Root Crops serve as an ideal substitute for rice for Filipino diabetics because it is a safe source of carbohydrates compared to rice which can spike blood sugar vessels. Sweet potato, cassava, taro and yam locally known as kamote, kamoteng kahoy, gabi, and ube, are some of the starchy root crops found to have low glycemic index (GI).
Diabetics are generally advised not to wear dentures to prevent the possibility of getting oral candida or thrush, a fungal or yeast infection that is prevalent among diabetics wearing dentures. Diabetics who wear dentures often suffer from candida infection problems controlling your blood glucose levels can result to dry mouth and decreased saliva flow.
Diabetes is a prevalent disease that has affected and continues to infect millions of people around the world. Fortunately, emerging technology makes it easier for patients to manage their diabetes. Following are gadgets and mobile apps that help empower patients and help them self manage their disease and live more fruitful productive lives. » Continue Reading
People who have regularly worked night shifts are twice as likely to have diabetes. This is attributed to decrease in metabolic health, impaired glucose metabolism, increased body mass index (BMI), and impaired insulin resistance. Meanwhile, diabetic patients working night shift are most likely to suffer complications in diabetes like neuropathy among others. This is because night shift work can disrupts a person’s body internal clock, or circadian rhythm that affects the cardiovascular system, Metabolism, Appetite and food intake, Digestion, Immune system and Hormonal balance.
Munggo or balatong, Mung beans is a popular vegetable food in the Philippines which is made into a viand or dessert. But more than its flavoursome and very satisfying taste, monggo beans is a powerhouse of nutrition. For one, it is a good source of Protein, Folate, Iron, Magnesium, Phosphorus and Copper, and a very good source of Dietary Fiber and Manganese. Perfect for cardio-vascular health, Munggo’s fiber and folate helps regulate blood sugar and cholesterol levels.
Educating patients and their relatives about diabetes is critical for the effective management of the disease. However, children typically don’t respond to the same tactics used to persuade adults to make necessary dietary modifications. As such, it is important for nutrition professionals to adopt creative strategies to help teach young clients about diabetes. Here are some techniques that can help.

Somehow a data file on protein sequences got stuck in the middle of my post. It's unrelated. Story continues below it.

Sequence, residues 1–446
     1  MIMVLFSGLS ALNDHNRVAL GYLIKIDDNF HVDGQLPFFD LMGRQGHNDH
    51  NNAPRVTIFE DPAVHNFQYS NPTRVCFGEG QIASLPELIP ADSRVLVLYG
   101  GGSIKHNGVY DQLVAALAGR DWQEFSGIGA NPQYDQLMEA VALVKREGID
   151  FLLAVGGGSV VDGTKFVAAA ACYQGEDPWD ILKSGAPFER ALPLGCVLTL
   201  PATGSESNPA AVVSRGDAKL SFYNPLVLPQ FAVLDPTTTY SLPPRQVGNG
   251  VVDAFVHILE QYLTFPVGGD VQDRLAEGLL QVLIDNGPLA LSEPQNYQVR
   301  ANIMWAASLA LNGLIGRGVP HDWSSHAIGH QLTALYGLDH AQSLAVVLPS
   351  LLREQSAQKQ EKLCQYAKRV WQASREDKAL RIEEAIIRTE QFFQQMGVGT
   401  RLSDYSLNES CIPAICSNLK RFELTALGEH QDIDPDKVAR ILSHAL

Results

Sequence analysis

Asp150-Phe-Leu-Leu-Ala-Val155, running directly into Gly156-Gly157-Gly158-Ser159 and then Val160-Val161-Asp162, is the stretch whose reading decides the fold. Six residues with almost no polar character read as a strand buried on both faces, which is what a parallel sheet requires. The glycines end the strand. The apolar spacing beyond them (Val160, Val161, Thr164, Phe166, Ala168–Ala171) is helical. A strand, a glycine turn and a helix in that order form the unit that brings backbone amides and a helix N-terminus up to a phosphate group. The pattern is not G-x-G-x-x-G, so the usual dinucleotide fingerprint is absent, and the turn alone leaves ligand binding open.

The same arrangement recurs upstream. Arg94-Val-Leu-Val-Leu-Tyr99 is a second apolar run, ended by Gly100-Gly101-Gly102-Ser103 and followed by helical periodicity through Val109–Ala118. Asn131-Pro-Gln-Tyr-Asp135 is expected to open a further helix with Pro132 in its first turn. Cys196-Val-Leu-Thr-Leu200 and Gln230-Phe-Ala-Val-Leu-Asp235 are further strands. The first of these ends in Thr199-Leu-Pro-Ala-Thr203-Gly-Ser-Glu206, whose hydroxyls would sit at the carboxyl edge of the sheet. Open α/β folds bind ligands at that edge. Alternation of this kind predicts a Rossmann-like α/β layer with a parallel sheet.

Lumps associated with Diabetes is clinically referred as Diabetic mastopathy (DMP), which is described by the presence of benign tumour or large, painless, hard breast mass which is somewhat similar to a breast cancer. Common physical characteristics of this lump included that it is hard, irregular, easily movable, distinct, and painless. Diabetic lump can also be lone or manifold, and one-sided or in both breasts. This condition is especially common among women between the ages of 32 and 62 years with long-standing type 1 – insulin-dependent diabetes (IDDM) although there are cases of diabetic men having the same lump. This condition is especially frequently occurring in the later stages of the disease.
Epigastric pain is a disorder located at the upper abdomen below the ribs that is usually experienced by people who ate or who lies down soon after eating. It is a typical symptom of gastroesophageal reflux disease (GERD) or heartburn and is thus, associated with the gastric contents that travel upward into the back of the throat, resulting to burning sensation. However, epigastric pain can also be caused by the inflammation of the digestive organs, such as gastritis and pancreatitis, which in turn can be triggered by chronic hyperglycemia can lead to specific gastro intestinal (GI) complications. Diabetes is a disease that can affect many organ systems including the GI tract. In fact, diabetic patients suffering nephropathy also often suffer from gastro intestinal problems.
Diabetes is a life altering disease that can be depressing to people, which can contribute in worsening one’s condition. It is therefore important for relatives and friends to help a loved one cope with diabetes.
Filipinos love salted egg during meals. If you combine salted egg with tomato, tuyo and fried rice, it’s the perfect breakfast meal. Unfortunately, salted egg is not good for people with diabetes. In fact, it is advisable to avoid adding salt or reduce the use of salt in preparing meals for diabetes.